Postcards of Grief

Mourning is a process.

Comments on breast cancer by proxy, written by a woman coping with the loss of her mother.

Thursday, February 26, 2004

Part II: Notes on details

The five of us (leaving Hannah with someoneā€¦ Hope's aunt, maybe?) went to the funeral home that afternoon to talk about Mom's life, choose a casket, etc. The discussion was on the vault too long for my tastes. We were to have a draft of the extended obit by 9 that night, as the funeral home person would turn in her notes to the writers after our meeting, and someone would go to work. It turns out that she didn't get her notes in until 6 (even though our meeting was over before 4), and there was some kind of backlog. The newspaper obit draft came to us via fax around 10 the next morning (Saturday), and there were significant errors of fact to correct as well as some pretty crappy writing. We met again with the same funeral director, and by the end of my corrections, she seemed a bit miffed. Indeed, I suggested a better phrasing and punctuation situation for the funeral home's name and location, and it was as though she were a Marvel villain shooting hatred beams out of her eyes.

Around dinnertime, the extended obit was finally available. Dad printed three copies and told Paul and me to go to town. Paul found the same errors of fact as had been in the newspaper obit, and although he wasn't thrilled with most of the writing, he only made the change from "particularly prouder than peaches." I rewrote most of it, and I still have a hard time believing that they paid someone to write such a thing. While the creation of the story from the notes taken by the funeral director was impressive, I am uncomfortable with the quality of the product that was returned to us. I retyped the extended obit and emailed it to the director with instructions simply to paste it into the form and not to screw with it. The five of us spent the evening working on photo boards and compiling songs for the CDs to play in the background at the funeral home.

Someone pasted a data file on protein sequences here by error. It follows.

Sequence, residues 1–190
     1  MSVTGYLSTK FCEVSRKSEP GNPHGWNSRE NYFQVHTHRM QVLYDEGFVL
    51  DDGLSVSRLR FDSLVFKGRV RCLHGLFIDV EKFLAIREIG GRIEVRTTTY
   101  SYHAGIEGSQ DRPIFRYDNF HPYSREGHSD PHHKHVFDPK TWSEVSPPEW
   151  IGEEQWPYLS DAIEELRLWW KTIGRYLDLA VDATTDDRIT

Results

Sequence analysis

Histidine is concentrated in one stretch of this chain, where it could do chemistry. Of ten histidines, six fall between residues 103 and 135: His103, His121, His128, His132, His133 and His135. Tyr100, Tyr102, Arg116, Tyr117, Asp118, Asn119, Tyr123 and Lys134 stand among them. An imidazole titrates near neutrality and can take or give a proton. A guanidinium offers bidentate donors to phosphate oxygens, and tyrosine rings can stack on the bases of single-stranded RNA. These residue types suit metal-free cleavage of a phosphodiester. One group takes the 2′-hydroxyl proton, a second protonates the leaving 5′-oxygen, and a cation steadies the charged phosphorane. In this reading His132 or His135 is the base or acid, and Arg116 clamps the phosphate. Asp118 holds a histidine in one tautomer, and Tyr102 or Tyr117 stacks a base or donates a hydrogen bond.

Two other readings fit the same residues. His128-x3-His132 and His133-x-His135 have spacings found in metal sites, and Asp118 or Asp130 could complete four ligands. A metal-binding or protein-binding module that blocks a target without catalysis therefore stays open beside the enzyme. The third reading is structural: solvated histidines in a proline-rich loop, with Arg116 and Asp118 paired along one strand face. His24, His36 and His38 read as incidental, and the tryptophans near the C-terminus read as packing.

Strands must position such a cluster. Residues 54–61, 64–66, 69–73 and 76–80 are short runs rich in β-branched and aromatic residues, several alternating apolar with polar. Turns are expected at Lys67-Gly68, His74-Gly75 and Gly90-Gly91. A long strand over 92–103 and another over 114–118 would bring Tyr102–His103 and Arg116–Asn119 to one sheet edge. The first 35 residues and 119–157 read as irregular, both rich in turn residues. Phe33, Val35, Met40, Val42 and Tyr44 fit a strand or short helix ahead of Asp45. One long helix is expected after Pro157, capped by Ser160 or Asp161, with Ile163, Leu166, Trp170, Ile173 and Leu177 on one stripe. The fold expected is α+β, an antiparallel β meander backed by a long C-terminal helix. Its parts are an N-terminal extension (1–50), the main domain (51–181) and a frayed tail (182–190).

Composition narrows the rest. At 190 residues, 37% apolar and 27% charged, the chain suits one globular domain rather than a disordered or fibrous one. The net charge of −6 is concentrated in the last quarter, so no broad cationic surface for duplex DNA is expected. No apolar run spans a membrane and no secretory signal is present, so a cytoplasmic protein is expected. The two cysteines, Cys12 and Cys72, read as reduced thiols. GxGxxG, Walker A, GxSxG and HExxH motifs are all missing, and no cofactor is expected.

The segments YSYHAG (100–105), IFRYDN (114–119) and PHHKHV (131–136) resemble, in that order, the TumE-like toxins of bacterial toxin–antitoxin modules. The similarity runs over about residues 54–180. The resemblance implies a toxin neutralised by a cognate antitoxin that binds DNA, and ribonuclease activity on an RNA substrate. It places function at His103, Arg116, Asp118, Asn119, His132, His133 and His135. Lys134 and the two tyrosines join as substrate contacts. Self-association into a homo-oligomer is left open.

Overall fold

Sunday, during the first visitation, they began showing a DVD, which took snippets of the obit and matched them with pictures of Mom. Unfortunately, they used the original text, errors of fact, hideous grammar, and all. My father and I spoke plainly about this to people watching the DVD, and a few times, I began what could have been described as the Writers Among Idiots Manifesto: Haunted by semicolons. As we left, our friends standing among us, I inquired as to the likelihood that the DVD would be fixed by the next day's visitation. The director expressed sympathetic doubt, so I increased the volume of my voice slightly and reminded him of the significant errors of fact. He seemed only slightly more hopeful. The music went over well, although when it first came on, it was too loud and happened to start in the middle of "Dancing Queen," which may have been a bit too spunky for any funeral except Mom's.


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